The gift that keeps on giving

Thu 09 May 2024

Andy Reynard

Andy was diagnosed with relapsing remitting MS in 2006 and deals with MS by writing and sharing his perspective. He talks here about the challenges of muscle spasms and a bladder that doesn’t empty properly.

MS really is the gift that keeps on giving. The problem is it’s a terrible gift which makes you immediately think, ‘Who can I regift this to?’ Only you wouldn’t want to regift it to anyone.

It’s a mysterious beast with a whole unpleasant smorgasbord of symptoms. What blights one MSer’s life might never touch another’s. And symptoms are forever subject to change.

Mobility issues are generally visible to the outside world, at least for periods of time. But it can often be the hidden ones that we struggle with the most. 

The thought that no one knows about our deep struggles somehow makes them worse to deal with. Even those closest to us often find it difficult to understand. How can you, if you’ve not had to deal with it yourself?

Problems emptying my bladder

For years my hidden symptom was my bladder not emptying like it should, known as ‘bladder retention’. It was annoying and sometimes depressing that I couldn’t walk as far or play sport anymore, but having every toilet visit turn into a battle between brain and bladder made MS feel like a war. And it was a war I was losing, because it felt like no one knew what I was going through.

I fought back partly by writing about it. I told it like it was, telling every non-MS-er to savour their visits to the bathroom to pee. I knew they did it without realising how easy it was for them, how natural. 

For some of us, we dreaded our toilet visits. For me it was because it was such a struggle to release my bladder’s cargo. For others, they dreaded not making it to the toilet in time.

But that was then. My memoir ‘Balls to MS’ covers the first twenty years of having MS, from the very first hint of a symptom. For much of that time period, bladder retention was the primary hidden symptom beneath the more obvious layer of mobility issues. But a new one was beginning to emerge by the end of the book.

Muscle spasms

It’s only in passing that muscle spasms are mentioned. This symptom had taken the best part of twenty years to show itself but we’re certainly well-acquainted now. Legs twitching and pulsing has risen rapidly to the top of the charts as my number one most annoying symptom. They drive me mad, particularly as they are apt to strike when I’m either trying to relax in front of the TV or even more frustratingly, when I’m trying to sleep.

The disruption to my sleep is a gamechanger, only it’s not a game I want to play. Less sleep means all my symptoms heighten. I can’t walk as far the next day. I can concentrate less. And in an ironic twist, it makes my spasms worse. Yes, if I’m tired, my legs are more likely to twitch when I’m trying to drop off, so my sleep is disrupted again and the whole sorry merry-go-round continues to turn.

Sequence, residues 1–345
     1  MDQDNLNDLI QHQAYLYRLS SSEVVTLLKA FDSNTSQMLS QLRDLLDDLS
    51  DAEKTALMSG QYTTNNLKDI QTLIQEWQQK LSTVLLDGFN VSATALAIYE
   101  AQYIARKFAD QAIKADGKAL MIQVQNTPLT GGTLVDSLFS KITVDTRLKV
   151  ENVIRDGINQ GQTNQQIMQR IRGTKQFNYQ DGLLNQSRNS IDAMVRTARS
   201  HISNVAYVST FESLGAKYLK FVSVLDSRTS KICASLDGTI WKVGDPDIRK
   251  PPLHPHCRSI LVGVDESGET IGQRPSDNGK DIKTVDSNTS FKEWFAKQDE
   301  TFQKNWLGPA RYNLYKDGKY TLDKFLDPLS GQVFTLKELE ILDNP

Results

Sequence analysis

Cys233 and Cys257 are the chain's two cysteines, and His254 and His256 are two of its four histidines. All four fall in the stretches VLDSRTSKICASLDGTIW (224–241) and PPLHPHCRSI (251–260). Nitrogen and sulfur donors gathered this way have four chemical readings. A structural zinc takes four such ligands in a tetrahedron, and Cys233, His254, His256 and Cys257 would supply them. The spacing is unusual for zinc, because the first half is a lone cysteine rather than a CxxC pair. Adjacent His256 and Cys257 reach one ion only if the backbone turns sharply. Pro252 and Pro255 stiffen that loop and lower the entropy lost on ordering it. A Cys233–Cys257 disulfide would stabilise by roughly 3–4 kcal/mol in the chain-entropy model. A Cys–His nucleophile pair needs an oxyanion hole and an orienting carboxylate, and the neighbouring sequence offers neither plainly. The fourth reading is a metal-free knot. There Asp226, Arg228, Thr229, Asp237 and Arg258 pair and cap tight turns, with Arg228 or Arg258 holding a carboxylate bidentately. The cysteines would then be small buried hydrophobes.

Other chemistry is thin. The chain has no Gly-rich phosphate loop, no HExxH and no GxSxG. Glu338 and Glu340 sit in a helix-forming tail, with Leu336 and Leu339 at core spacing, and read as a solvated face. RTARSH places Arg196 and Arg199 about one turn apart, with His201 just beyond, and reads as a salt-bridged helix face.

Tackling the spasms

Perhaps due to insomnia, I’ve tried so many ways to overcome this. So many in fact, that I may have forgotten one or two from this list:

  • The drugs baclofen and pregabalin
  • Exfoliating brush
  • TENS machine
  • Vaping with cannabis oil
  • Calcium, magnesium, zinc tablets
  • Epsom salts
  • Magnesium butter
  • Replacing white sugar with unrefined

They’ve all had varying success. Some have come and gone, after initial shows of promise. Maybe I simply benefitted from the placebo effect. Others, like baclofen, are a firm fixture in  my life. What feels like the Holy Grail is Sativex. I’ve heard so many good things about its benefits from other patients but as yet, my NHS trust is still to ratify its use.

And so I wait. And hope that one day I’ll find a way to overcome this symptom, this latecomer to my MS party. Because I’ve largely managed to overcome bladder retention. That’s another irony – I started to get on top of it, just as spasms entered the scene.

Overcoming the bladder problems

How did I get on top of the bladder issues? By sitting down. Without my brain having to put any effort into keeping me upright, it seems to have more room to send signals to my bladder telling it to release its load. Just catch up with whatever on my phone and let nature take its course. It’s a little emasculating but considering the alternative, it’s worth it.

That’s the thing about us MS folk. It may take a while but whatever is thrown at us, we’ll find a way.

Read more about Andy’s story on his blog, where you can also find out where to buy his memoir 'Balls to MS'.